Towards a business analysis capability model: a South African and United Kingdom comparison

Mogodi, Shirley Phumzile
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The increasing demand for business analysts in recent years has brought about the need for a proper articulation of the Business Analyst’s role. Despite the growth of the business analysis field, and its value, academic research on the practices, competencies and capabilities of a business analyst is still limited. Drawing on the Resource-Based View of the firm theory and the concept of practice, this study proposes a business analysis capability model. A positivist qualitative research methodology has been conducted using a directed content-based analysis approach. This research analysed 300 business analyst online job advertisements in order to identify the practices, competencies and capabilities of business analysts as perceived by employers based in South Africa (SA) and the United Kingdom (UK). The findings suggest that, both in SA and the UK, analysts with systems skills, practices, competencies and capabilities are preferred by employers over those with business skills. The results of the study suggest that South African employers demand additional skills, practices and competencies from a business analyst than are required by employers based in the UK. This suggests that SA based business analysts are capable of competing for employment in the UK without the need for them to acquire additional skills. This research makes conceptual contributions to academia, and also offers managerial contributions to practice.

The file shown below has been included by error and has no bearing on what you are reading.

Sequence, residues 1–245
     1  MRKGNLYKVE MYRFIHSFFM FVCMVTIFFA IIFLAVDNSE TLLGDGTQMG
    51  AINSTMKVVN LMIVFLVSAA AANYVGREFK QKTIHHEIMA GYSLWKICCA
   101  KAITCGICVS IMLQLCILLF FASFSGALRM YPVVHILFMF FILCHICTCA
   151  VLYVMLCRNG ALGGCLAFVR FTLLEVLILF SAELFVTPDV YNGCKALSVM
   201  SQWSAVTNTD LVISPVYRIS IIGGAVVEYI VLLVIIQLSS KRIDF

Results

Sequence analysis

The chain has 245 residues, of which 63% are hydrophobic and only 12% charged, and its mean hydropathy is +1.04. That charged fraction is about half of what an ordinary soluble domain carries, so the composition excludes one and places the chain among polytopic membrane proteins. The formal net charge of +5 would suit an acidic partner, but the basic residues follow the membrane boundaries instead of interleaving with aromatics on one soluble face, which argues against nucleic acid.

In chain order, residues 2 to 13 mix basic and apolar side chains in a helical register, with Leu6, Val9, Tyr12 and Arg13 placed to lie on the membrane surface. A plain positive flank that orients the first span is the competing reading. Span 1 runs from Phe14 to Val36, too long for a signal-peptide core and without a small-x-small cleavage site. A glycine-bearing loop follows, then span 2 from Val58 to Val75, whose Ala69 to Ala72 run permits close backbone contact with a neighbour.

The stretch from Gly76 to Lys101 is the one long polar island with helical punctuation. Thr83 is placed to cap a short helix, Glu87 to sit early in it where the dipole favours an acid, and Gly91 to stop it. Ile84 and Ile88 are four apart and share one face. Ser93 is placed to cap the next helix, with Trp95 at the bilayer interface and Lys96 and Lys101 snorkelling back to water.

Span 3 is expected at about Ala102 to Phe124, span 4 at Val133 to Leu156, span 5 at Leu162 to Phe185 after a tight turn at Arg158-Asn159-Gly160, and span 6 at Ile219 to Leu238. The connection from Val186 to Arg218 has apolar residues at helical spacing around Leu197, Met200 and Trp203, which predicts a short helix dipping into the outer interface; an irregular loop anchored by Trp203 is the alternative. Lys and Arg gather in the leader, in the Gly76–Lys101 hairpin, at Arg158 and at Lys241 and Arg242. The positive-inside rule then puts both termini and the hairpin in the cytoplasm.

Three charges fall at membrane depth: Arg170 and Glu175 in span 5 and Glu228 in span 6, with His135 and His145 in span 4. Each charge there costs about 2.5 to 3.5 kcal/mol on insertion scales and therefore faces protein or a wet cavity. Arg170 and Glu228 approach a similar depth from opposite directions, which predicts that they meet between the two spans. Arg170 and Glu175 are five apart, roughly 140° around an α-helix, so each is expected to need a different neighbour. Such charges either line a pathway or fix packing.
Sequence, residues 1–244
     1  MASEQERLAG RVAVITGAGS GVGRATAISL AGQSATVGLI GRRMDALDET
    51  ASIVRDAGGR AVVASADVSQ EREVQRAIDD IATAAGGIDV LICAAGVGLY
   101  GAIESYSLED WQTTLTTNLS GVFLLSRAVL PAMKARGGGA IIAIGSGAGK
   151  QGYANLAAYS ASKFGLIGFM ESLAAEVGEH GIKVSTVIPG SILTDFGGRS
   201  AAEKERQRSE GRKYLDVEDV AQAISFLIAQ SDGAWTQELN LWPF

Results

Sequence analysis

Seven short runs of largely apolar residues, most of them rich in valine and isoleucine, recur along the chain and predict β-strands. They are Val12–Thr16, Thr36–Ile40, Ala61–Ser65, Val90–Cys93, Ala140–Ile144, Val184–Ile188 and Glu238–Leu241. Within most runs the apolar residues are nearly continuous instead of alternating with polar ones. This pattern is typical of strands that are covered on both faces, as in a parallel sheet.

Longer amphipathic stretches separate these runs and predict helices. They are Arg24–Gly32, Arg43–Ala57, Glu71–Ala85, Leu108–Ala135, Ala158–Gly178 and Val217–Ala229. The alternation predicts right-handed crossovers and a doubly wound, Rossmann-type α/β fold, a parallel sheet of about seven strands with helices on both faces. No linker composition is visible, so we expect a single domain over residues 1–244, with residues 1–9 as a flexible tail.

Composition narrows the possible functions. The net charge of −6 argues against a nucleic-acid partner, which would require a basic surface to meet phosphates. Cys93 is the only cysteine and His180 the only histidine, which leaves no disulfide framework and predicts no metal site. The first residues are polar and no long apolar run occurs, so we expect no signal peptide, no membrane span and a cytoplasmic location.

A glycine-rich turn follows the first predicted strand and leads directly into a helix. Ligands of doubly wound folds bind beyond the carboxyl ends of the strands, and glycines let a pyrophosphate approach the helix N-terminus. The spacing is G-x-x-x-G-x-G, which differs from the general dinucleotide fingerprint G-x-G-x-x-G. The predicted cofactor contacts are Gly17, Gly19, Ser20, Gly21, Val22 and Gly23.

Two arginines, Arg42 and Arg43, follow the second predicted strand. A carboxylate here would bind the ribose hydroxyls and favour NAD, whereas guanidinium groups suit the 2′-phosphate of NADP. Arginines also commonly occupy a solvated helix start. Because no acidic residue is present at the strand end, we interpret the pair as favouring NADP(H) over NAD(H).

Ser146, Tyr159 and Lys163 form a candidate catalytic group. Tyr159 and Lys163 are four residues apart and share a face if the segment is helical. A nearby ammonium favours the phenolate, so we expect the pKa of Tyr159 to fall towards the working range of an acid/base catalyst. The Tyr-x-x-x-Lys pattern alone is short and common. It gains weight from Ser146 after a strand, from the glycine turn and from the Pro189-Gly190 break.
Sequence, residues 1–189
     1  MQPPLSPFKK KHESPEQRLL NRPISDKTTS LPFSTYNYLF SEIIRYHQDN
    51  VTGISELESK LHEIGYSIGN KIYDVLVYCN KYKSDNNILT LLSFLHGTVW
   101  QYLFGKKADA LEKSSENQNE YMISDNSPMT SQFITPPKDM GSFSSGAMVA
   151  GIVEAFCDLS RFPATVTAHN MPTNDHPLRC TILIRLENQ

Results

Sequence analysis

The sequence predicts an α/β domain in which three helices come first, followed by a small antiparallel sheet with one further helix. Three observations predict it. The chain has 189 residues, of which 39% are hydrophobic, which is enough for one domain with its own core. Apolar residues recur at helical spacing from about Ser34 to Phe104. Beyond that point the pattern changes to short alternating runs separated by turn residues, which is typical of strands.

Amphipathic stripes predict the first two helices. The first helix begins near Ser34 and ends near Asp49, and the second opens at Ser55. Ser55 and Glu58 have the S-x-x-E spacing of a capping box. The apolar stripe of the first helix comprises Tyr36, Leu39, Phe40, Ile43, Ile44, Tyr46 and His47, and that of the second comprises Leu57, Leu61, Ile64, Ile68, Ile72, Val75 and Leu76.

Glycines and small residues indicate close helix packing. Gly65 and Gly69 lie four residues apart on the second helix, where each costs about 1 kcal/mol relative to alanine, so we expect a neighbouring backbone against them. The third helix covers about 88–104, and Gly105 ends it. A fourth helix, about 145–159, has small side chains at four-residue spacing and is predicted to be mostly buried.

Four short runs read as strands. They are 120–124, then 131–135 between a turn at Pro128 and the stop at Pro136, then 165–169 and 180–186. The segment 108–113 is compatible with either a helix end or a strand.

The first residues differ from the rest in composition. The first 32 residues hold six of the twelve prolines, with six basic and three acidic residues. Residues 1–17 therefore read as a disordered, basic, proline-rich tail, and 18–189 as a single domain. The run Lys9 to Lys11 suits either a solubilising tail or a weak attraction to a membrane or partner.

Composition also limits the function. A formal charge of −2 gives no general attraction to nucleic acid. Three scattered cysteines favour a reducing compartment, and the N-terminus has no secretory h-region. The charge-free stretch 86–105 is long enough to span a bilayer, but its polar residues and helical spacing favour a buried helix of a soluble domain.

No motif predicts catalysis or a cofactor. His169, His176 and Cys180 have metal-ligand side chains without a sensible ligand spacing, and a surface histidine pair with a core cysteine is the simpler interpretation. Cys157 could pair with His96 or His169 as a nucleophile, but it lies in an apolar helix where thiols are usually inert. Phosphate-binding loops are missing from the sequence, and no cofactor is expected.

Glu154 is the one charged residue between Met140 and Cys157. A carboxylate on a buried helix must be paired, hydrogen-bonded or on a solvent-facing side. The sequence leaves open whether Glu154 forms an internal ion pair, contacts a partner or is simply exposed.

Business analyst, Capabilities, Competencies